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Optical Engineering

Interferometer and analysis methods for the in vitro characterization of dynamic fluid layers on contact lenses
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Paper Abstract

The anterior refracting surface of the eye when wearing a contact lens is the thin fluid layer that forms on the surface of the contact lens. Under normal conditions, this fluid layer is less than 10 μm thick. The fluid layer thickness and topography change over time and are affected by the material properties of the contact lens and may affect vision quality and comfort. An in vitro method of characterizing dynamic fluid layers applied to contact lenses mounted on mechanical substrates has been developed by use of a phase-shifting Twyman-Green interferometer. This interferometer continuously measures light reflected from the surface of the fluid layer, allowing precision analysis of the dynamic fluid layer. Movies showing this fluid layer behavior can be generated. Quantitative analysis beyond typical contact angle or visual inspection methods is provided. Different fluid and contact lens material combinations have been evaluated, and variations in fluid layer properties have been observed. This paper discusses the interferometer design and analysis methods used. Example measurement results of different contact lens are presented.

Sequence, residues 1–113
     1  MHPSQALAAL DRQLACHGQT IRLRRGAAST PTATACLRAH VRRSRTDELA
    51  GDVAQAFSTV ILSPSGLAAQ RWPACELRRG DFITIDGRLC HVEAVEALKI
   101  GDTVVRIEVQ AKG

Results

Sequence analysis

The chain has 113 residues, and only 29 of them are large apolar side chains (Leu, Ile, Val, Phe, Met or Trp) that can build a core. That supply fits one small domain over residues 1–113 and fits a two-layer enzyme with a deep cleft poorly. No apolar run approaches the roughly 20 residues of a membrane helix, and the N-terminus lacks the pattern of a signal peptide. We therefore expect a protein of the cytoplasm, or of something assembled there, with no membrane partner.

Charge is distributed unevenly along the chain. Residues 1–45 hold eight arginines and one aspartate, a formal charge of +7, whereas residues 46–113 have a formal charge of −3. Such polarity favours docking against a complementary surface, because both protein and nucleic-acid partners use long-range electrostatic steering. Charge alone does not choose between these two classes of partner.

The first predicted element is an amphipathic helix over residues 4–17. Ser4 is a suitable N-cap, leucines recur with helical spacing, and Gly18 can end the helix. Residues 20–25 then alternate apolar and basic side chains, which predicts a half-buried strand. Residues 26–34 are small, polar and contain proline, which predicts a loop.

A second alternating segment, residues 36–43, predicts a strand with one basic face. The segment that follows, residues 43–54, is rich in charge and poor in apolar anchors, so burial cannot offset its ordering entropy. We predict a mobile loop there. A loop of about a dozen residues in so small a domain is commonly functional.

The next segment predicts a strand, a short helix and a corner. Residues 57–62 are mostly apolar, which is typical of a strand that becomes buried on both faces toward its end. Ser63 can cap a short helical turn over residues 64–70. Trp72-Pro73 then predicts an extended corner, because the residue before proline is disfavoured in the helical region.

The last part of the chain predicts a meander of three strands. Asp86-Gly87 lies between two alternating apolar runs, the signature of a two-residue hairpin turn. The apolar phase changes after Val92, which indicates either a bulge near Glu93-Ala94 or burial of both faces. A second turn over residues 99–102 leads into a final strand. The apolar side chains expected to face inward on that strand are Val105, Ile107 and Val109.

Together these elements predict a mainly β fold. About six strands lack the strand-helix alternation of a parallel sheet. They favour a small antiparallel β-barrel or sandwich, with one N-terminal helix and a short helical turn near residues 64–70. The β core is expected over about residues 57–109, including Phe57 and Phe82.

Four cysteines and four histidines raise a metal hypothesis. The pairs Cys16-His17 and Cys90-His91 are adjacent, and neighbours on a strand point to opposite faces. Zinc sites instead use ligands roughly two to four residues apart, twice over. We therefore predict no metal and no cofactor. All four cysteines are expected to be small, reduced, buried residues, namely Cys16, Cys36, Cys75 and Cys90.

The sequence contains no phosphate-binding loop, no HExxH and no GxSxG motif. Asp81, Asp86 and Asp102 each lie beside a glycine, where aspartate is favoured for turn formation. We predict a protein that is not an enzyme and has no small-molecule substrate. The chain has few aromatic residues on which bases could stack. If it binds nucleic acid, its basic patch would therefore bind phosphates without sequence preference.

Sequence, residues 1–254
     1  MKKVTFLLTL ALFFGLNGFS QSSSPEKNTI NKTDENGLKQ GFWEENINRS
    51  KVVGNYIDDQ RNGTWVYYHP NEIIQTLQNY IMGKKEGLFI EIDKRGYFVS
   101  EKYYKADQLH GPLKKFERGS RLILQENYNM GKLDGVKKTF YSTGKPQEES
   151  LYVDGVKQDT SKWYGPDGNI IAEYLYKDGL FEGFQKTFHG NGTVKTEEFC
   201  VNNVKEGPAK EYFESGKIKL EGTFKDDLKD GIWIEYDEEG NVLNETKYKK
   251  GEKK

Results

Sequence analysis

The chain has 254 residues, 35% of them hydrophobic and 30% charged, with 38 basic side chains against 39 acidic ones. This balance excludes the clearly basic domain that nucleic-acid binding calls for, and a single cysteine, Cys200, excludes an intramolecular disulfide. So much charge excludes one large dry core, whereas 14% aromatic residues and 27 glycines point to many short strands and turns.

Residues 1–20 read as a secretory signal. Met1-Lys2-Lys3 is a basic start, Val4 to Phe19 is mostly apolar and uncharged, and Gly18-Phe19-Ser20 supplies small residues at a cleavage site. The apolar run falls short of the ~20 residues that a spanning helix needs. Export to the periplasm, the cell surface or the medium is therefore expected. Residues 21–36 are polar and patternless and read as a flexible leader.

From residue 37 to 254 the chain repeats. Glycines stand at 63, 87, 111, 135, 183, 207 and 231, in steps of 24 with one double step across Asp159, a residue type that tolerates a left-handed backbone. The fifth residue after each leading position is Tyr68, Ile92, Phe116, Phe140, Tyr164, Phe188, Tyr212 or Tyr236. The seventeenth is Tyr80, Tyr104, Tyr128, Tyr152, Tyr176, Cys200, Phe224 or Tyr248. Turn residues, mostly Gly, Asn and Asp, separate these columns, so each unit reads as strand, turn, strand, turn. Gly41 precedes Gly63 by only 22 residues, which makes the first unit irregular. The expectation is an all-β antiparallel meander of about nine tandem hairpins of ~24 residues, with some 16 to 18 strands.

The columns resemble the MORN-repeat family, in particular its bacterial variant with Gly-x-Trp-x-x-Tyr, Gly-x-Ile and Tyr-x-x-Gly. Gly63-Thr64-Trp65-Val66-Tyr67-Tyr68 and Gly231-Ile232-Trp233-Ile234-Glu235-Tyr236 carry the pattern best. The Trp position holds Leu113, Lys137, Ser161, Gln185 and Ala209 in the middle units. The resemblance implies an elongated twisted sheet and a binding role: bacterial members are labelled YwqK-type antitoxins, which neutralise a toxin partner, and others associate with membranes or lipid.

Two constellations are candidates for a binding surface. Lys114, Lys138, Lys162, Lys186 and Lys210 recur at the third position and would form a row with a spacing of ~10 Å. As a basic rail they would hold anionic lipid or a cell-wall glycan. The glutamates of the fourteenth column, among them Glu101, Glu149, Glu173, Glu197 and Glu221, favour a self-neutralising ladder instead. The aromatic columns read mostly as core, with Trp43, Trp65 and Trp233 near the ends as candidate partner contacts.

Paper Details

Date Published: 5 June 2012
PDF: 9 pages
Opt. Eng. 51(6) 063601 doi: 10.1117/1.OE.51.6.063601
Published in: Optical Engineering Volume 51, Issue 6
Show Author Affiliations
Brian C. Primeau, College of Optical Sciences, The Univ. of Arizona (United States)
John E. Greivenkamp, College of Optical Sciences, The Univ. of Arizona (United States)

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